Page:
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Global Gandhi: Mahatma remained a source of inspiration for African nations

Recently, I came across a newspaper report with a photograph of a city of Germany where people were protesting against the government’s restrictions on Corona pandemic. The fact that astonished me was that young protesters were carrying big-sized photos of Mahatma Gandhi. It led me to ponder if Mahatma Gandhi is still relevant to the new generation and that too in the most industrialized nation of Europe? Reference to this event seems to be in conformity that global Gandhi is still alive and relevent to the world while other world icons are gradually fading away.    

In my career as a correspondent of All India Radio and otherwise also, I may have visited more than 50 countries across all continents. All countries had at least one statue of Mahatma Gandhi at a vantage point in one of their prominent cities. Mohan Das Karam Chand Gandhi had become a global figure much more before becoming a Mahatma Gandhi due to his peaceful protest in South Africa and a long freedom struggle in India. He may have become a lonely man taking peace march in riot struck Noakhali but the world was seeing, following him and admiring his way of protests without any fear.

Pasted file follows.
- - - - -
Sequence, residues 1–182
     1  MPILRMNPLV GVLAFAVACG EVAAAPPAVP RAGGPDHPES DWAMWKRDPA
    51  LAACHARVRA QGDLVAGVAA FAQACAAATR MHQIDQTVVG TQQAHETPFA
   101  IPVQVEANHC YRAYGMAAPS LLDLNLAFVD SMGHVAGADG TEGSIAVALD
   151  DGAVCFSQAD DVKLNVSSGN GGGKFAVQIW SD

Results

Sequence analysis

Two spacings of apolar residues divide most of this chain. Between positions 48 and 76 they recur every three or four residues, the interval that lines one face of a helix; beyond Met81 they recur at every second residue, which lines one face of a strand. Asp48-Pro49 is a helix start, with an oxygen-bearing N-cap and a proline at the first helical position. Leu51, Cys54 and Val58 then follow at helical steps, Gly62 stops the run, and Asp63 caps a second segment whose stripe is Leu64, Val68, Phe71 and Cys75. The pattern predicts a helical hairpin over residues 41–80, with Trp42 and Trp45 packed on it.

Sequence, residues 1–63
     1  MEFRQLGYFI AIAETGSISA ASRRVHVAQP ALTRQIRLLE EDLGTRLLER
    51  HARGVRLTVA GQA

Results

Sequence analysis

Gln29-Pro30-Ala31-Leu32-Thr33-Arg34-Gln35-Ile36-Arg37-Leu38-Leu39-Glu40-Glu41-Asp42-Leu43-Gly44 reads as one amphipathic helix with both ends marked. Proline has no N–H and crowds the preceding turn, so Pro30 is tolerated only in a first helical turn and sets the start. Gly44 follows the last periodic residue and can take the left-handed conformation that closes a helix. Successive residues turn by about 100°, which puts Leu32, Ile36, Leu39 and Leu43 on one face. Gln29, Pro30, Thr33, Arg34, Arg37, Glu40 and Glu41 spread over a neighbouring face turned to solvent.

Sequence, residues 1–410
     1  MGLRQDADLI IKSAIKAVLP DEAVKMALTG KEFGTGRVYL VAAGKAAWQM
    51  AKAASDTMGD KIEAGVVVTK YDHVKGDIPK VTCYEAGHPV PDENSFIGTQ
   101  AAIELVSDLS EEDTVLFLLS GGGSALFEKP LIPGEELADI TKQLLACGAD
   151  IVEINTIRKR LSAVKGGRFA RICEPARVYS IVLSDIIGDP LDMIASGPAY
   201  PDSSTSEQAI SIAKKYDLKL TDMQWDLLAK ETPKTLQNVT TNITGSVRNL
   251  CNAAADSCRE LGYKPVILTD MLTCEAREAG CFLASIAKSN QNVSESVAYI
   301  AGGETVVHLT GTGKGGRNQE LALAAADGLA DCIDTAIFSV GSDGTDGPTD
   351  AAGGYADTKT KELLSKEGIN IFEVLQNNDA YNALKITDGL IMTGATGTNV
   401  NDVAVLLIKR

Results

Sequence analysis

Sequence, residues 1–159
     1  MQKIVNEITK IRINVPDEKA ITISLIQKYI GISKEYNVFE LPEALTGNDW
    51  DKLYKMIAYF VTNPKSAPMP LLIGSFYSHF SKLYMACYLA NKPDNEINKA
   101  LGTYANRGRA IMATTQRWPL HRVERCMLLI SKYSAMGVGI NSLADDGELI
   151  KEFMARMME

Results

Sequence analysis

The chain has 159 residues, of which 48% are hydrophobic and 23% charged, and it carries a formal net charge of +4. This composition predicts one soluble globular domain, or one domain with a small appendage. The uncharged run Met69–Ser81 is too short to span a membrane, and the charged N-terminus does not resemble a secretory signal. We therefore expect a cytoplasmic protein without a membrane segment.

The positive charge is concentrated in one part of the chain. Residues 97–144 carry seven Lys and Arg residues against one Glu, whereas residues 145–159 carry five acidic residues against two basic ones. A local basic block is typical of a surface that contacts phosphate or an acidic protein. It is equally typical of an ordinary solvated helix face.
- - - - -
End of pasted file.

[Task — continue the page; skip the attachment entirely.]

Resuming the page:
Recently I happened to see a documentary by Romesh Sharma where, in an interview, a Czech scholar said that underground protests had started against communist rule in the then Czechoslovakia with disintegration of the Soviet Union. The regime there made a foolish mistake by releasing Richard Attenborough’s much acclaimed film Gandhi.  Soon after, protests opened up widely and people took to  streets.  My Indian origin evoked respect among people on my visits abroad who often greeted me by saying: “Oh you are from the land of Gandhi.’’  Successive British regimes hated Gandhi as they knew that Gandhian movement will free India from their clutches but it would inspire other countries under their colonial regime also. The cascading effect was obvious and the British lost many countries which slipped away from their stranglehold.  

Gandhi began his protest journey in South Africa making an indelible mark on the times and the world history. Many great African countries such as South Africa, Tanzania, Zimbabwe, Namibia, Zambia, Kenya and Ghana got freedom from apartheid tyrant European colonial regimes after a long struggle and freedom  movements which followed the path shown by Mahatma Gandhi.

Julius Nyerere led a long movement against British colonial rule by founding Tangayanika African National Union to achieve the aim of freedom. After Zanzibar revolution both lands joined together to emerge as Tanzania on world map. While writing this, I am also reminded of my Tanzanian Friend John Hangoo who was head of Swahili broadcast in All India Radio and lived in Delhi for 30 years.

In South Africa, the British regime was forced to give power to aboriginals after a long freedom movement led by the iconic figure Nelson Mandela who spent nearly three decades in jail. He stands tall as Mahatma Gandhi.